Tag Archives: A Clockwork Orange

A Clockwork Future

Recently I saw a column posted a couple of places, one of them was Facebook. The person that posted it happened to be the President of TZP. He commented that the novel A Clockwork Orange was prophetic. Honestly, I had never read the book, not in school and not on my own. So I read the column and then hit the (occasionally) reliable Wikipedia.

As it turns out a Clockwork Orange is a pretty accurate description. The novel is about a gang of boys who love violence and hurting people. They have their own language, called Nadsat a mix of Anglo-Russian. The characters all sounded like we would be much better off if they spent a loooong time in Sheriff Joe Arpio’s custody.

While searching to find out what A Clockwork Orange was about, I ran across a movie review from Roger Ebert. I kind of doubt Ebert is much of a conservative, but I could be wrong. Anyway, the thing that interested me about his review was how he accepted the anti-hero of the movie, Alex. Here’s a couple of excerpts from the review.

I don’t know quite how to explain my disgust at Alex (whom Kubrick likes very much, as his visual style reveals and as we shall see in a moment). Alex is the sort of fearsomely strange person we’ve all run across a few times in our lives — usually when he and we were children, and he was less inclined to conceal his hobbies. He must have been the kind of kid who tore off the wings of flies and ate ants just because that was so disgusting. He was the kid who always seemed to know more about sex than anyone else, too — and especially about how dirty it was.

…..

Now Alex isn’t the kind of sat-upon, working-class anti-hero we got in the angry British movies of the early 1960s. No effort is made to explain his inner workings or take apart his society. Indeed, there’s not much to take apart; both Alex and his society are smart-nose pop-art abstractions. Kubrick hasn’t created a future world in his imagination — he’s created a trendy decor. If we fall for the Kubrick line and say Alex is violent because “society offers him no alternative,” weep, sob, we’re just making excuses.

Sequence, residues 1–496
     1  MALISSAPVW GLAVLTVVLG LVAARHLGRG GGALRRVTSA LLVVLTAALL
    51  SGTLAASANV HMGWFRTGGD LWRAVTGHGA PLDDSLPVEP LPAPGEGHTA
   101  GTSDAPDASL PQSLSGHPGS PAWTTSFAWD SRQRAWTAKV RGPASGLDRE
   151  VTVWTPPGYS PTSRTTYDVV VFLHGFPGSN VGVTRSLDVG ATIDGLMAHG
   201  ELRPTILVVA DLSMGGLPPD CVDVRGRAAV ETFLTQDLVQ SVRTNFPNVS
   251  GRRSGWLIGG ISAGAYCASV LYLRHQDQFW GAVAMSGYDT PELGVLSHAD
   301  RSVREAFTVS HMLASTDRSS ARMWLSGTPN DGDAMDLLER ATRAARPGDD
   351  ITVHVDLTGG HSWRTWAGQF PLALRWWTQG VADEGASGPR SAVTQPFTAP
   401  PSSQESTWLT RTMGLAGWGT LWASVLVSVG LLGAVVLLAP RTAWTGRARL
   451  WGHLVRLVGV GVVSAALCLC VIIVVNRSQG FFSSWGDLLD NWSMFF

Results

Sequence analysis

Interesting. Because how many movies and video games now have a “anti-hero” as the “hero”? To be honest, I don’t really go to movies. There’s not much I want to see, and I loathe to give some left-wing loon money they are going to use to advance a bully pulpit to work against me and the things I believe in. And, lack of time plays a very small part. But here is a review from 1972, and in it the reviewer is condemning the effort to portray a very bad person in a good light, and to make excuses for his behavior. How often do we see that now? Rachel Madcow? Chrissy “Tingly-leg” Matthews and on ad nauseam? What was decried by a liberal in 1972 has become the norm now.

Lt. Col. Dave Grossman has talked about the effect of the games on kids. He has a book out about it, but you can also read about it on his web site. He’s always worth reading or hearing.

So on to the story linked to this. A group of 40-60 teens swarmed a train in Oakland. They took over a car, robbed the passengers and beat a couple of them.

Trost said police arrived at the station in less than 5 minutes, but that the robberies took place in just seconds.

The gang then retreated in the the East Oakland neighborhood before the police arrived. Those security cameras that track us all and are suppose to keep us safer? Yep, they recorded the whole thing. Didn’t stop it of course, but they recorded it. Did BART then release the video so they could catch those responsible? No. In fact, they didn’t even warn passengers or tell them what had happened. Nor did they release the information via Twitter, Facebook or their phone app or…any of the media platforms they have. They did say it was recorded on the police blotter. Oh well, I’m sure everyone checks that before the head to the station. In the past I guess they have released video with the perpetrators faces obscured, since they are juveniles. How that is suppose to help catch anyone I’m rather unsure. But they didn’t even do that. I’m kind of curious why they haven’t. But one thing we can be sure of, since California is determined to be a gun free “sanctuary” state, all the residents of California can feel safe and secure. Yep, safe and secure.

Do I know these people are who committed the crime? Of course not! But here’s what I DO know, they are out there, somewhere. And always remember, when seconds count, no matter how good they are, the police are just minutes away.

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